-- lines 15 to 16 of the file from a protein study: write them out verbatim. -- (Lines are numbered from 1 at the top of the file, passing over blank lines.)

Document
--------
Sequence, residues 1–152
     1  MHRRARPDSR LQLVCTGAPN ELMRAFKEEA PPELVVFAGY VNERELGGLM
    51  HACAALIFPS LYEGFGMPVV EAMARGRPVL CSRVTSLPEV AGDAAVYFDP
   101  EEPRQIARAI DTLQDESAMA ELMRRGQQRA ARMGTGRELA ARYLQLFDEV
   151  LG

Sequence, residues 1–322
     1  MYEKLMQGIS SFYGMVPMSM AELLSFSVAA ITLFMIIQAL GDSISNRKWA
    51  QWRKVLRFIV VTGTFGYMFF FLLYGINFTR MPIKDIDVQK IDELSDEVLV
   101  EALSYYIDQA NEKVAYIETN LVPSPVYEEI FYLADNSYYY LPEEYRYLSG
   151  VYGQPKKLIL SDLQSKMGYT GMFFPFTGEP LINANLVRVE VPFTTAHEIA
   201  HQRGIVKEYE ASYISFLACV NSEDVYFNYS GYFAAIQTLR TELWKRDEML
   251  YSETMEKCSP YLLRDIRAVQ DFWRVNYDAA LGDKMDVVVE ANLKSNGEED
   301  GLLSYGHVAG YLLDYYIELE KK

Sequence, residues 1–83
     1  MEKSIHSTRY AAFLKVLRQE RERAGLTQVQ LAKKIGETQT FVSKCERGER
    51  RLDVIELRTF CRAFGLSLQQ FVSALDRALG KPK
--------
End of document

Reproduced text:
     1  MEKSIHSTRY AAFLKVLRQE RERAGLTQVQ LAKKIGETQT FVSKCERGER
    51  RLDVIELRTF CRAFGLSLQQ FVSALDRALG KPK